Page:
Demolition Regulations

Demolition Regulations

The construction and demolition industry in a way go hand-in-hand, although they are very different from each other. Construction is the process of building a structure while demolition is the process of wrecking or slowly deconstructing a structure. Constructions goes up and demolition comes down. Regardless, the need for demolition services is very high as there is always going to be a reason for structures to come down regardless of the reason for such.

OSHA Plays a Part in Demolition Safety

OSHA, the Occupation al Safety and Health Administration has created a number of demolition regulations that should always be followed in order to maintain supreme safety on the job site during every working minute. The rules are in existence for a reason – to protect ourselves and others so that at the end of the day, we can go home to be with our families and friends.

Below, we will discuss a few of the top demolition regulations set forth by OSHA. You may think to yourself, “Well, I know to do that!” but you’d be surprised at how many people wouldn’t think twice about it and go into a demolition work site without proper protection or safety precautions in hand. Now, while they can’t all be discussed here, that doesn’t mean they are not important.

PPE – Personal Protective Equipment

OSHA requires that all workers on a demolition site wear protective gear, which is known as PPE or personal protective equipment. This includes but is not limited to head protection and respiratory protection. Head protection consists of some type of hard hat so that in the circumstance of falling debris, your head won’t as prone to injury. Respiratory protection, such as a mask, is needed when you work in areas where the air is simply not safe or adequate to inhale. Usually, this pertains to confined spaces with a large amount of dust, sawdust or vapors. It also includes areas where asbestos, which is a very harmful element in the construction industry, may be present.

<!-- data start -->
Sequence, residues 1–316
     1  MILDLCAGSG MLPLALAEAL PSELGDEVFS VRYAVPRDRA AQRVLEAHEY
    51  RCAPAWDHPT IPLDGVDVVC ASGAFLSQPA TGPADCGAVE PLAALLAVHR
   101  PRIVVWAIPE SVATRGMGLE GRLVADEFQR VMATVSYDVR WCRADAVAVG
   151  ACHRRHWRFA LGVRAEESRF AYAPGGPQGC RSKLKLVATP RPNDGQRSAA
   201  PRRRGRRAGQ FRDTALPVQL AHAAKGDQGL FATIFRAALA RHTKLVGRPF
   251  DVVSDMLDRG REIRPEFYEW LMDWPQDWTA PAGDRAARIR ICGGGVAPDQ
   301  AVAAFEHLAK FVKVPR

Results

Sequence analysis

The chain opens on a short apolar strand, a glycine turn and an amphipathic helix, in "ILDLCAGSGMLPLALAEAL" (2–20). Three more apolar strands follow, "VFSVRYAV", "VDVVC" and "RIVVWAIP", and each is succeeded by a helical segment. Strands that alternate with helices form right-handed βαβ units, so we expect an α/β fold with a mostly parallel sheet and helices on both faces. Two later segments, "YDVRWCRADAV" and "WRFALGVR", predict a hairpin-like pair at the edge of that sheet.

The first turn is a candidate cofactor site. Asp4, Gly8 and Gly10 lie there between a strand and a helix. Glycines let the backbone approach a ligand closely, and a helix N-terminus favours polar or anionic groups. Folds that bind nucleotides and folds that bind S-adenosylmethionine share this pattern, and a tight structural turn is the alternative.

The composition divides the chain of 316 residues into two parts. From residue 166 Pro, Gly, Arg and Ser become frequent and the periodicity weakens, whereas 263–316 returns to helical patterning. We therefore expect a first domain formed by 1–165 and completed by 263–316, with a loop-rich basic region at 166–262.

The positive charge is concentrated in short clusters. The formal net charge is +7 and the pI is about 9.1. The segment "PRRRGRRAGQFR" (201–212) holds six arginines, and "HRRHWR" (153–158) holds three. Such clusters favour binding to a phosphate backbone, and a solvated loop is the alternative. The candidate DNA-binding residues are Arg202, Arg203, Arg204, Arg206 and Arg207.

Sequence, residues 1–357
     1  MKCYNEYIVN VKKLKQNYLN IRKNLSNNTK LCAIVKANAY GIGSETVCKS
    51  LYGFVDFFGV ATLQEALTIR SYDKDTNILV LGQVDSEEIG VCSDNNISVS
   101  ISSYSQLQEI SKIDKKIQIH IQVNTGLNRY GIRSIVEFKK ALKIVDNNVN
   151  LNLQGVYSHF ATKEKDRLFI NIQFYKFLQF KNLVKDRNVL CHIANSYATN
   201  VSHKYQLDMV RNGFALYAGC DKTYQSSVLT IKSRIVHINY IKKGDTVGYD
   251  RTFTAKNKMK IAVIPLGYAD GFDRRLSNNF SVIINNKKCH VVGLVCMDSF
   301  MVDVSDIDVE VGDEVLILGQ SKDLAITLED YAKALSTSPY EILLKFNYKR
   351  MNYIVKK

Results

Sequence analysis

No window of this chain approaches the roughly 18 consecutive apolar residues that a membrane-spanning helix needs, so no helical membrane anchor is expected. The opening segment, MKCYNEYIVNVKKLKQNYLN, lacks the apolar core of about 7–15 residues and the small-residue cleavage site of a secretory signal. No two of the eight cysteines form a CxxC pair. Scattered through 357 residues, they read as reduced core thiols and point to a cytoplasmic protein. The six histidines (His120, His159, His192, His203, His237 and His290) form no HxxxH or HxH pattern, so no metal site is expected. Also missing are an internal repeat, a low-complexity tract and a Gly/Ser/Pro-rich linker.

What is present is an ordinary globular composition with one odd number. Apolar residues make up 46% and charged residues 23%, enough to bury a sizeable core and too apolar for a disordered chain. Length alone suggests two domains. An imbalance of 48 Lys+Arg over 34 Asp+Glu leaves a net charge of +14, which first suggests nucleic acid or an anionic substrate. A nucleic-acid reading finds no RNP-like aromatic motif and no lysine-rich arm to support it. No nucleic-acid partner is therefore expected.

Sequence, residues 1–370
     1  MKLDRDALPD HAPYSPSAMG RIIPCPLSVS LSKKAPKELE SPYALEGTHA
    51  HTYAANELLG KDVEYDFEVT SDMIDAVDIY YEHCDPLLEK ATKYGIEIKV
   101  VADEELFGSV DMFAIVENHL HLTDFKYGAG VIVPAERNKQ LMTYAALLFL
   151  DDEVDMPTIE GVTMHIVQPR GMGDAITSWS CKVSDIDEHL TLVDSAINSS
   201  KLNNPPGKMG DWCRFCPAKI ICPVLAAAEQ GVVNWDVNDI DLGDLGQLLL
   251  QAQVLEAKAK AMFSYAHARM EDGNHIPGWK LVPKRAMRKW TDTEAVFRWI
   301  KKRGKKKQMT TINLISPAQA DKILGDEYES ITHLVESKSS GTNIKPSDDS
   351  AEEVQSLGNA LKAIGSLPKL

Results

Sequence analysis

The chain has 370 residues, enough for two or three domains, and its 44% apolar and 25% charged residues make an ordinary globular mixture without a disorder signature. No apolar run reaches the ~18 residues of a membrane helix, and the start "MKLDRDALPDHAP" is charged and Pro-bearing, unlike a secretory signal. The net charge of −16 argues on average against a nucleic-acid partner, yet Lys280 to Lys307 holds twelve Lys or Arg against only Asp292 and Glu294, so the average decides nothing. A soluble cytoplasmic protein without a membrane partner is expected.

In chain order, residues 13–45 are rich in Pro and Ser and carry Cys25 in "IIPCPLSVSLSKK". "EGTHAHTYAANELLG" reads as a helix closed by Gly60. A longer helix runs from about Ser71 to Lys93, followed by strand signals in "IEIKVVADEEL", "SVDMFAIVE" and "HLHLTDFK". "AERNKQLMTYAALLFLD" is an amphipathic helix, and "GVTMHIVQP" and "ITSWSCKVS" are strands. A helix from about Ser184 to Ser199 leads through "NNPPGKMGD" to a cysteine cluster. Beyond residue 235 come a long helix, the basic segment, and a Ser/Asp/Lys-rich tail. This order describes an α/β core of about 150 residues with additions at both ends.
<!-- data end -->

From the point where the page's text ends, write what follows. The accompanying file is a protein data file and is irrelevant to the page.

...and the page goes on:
Fall Protection and Prevention

In any construction or demolition project, there is usually a high chance that you’ll be in the air whether it is on a ladder, the roof or on scaffolds. Regardless of what type of equipment you are using, it is important that you take proper precautions to ensure the safety of the worker(s).


  • Ladders:  OSHA requires that a ladder be a proper distance away from any wall to avoid too steep of a climb and to prevent the possibility of a fall taking place.

  • Scaffolds:  Scaffolds can be very dangerous. They need to be secured properly and the worker needs to have some sort of harness in case of a fall.

  • Roofs:  Not all companies will require that some form of safety line be worn when on the roof, but some companies will simply as a safety precaution. In addition, workers should not walk or move along the edges of the roof to protect themselves from the possibility of a fall.